Rich Games for the family     About     Products     Archive     FAQ

A World of Chess Review

There is no shortage on books about chess. A quick look on the internet in your favorite search engine will produce overwhelming results. There are books on the history of chess, the strategy of chess, chess variants, famous chess players and introductions for beginners. So when I was looking for a book about chess, there was plenty to choose from. I started off by picking up a copy of Murray’s History of Chess. Written in 1913, it is a well known classic with a comprehensive look at the origins of chess.

I didn’t make it pass page 30.

Although I’m sure it’s worth reading (and I still hope to finish it one day), I found it to be really dense and just a beast to read. That led me to picking up A World of Chess by Jean-Louis Cazaux & Rick Knowlton.

In contrast, A World of Chess was just easy to read from the beginning to end. It takes the reader on a journey around the world and into the past through the lens of chess variants and evolution. The book is divided into sections with the focus on a certain region. Every chapter gives a description of the variant and the history behind them. This includes excerpts of poems, other history books and archaeological finds. Every variant described is interesting in its own right, but a handful really stood out to me: Shatranj (an ancient version from the Persian Empire), Janggi (Korean Chess), Tori Shogi (Japanese variation based on birds). Makruk (Thai version of chess still played in Thailand today) and Gala (of Germanic origin with some interesting similarities to Hnefatafl).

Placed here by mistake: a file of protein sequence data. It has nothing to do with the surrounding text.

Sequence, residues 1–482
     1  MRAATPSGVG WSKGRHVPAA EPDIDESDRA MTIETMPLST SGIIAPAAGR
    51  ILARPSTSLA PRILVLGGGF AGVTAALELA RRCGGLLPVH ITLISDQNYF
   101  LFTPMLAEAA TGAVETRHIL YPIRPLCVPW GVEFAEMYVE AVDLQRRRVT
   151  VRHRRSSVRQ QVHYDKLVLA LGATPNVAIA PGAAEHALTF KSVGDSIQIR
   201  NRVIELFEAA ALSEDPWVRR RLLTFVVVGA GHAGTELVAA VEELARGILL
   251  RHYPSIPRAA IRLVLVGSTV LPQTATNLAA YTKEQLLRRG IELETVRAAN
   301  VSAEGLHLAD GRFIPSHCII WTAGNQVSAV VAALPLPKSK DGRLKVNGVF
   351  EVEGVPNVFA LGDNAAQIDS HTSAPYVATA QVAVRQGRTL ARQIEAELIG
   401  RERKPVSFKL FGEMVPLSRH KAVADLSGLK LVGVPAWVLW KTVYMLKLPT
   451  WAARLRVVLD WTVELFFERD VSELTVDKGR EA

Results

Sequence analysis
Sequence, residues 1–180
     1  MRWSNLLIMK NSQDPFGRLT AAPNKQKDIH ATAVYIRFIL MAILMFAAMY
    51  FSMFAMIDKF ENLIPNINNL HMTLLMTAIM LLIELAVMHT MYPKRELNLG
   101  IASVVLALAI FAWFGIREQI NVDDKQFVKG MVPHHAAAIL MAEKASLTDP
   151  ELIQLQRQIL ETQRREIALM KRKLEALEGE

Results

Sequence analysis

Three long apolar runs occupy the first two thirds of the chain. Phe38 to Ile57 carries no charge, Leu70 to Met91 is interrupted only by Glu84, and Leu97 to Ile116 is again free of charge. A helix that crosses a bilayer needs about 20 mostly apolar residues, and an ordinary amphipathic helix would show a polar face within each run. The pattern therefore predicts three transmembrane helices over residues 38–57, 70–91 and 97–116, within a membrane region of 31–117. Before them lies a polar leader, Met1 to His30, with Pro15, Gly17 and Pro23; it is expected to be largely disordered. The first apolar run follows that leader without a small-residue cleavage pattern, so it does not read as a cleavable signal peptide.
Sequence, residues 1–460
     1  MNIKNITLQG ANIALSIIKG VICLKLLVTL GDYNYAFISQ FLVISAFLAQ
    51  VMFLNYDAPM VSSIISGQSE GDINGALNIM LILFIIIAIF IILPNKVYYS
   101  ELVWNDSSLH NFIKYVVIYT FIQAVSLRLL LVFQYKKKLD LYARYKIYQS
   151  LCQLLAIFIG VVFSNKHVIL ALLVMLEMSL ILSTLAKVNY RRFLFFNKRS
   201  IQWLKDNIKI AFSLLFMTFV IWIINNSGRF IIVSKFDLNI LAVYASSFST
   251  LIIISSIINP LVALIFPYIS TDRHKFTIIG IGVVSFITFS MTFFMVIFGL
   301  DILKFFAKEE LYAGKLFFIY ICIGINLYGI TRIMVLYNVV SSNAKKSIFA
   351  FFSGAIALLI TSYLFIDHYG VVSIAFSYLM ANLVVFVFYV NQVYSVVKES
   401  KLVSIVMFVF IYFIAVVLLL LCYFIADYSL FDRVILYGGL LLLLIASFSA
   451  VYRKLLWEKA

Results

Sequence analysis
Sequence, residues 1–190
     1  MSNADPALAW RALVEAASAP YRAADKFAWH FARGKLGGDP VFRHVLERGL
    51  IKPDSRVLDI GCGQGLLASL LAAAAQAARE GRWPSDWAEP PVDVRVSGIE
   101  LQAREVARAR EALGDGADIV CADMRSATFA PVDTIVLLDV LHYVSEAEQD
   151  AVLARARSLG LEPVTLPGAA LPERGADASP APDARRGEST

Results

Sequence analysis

The last section deals with the ever burning question,”Where did chess come from?” The origins of chess have traditionally thought to be from India. But the authors take a thoughtful approach on presenting different compelling theories.

Reading a history book about chess may seem like a daunting task but Jean-Louis Cazaux & Rick Knowlton makes it a delightful experience. The content is presented in an engaging manner that keeps the reader reading and not wanting it to end.
A World of Chess Book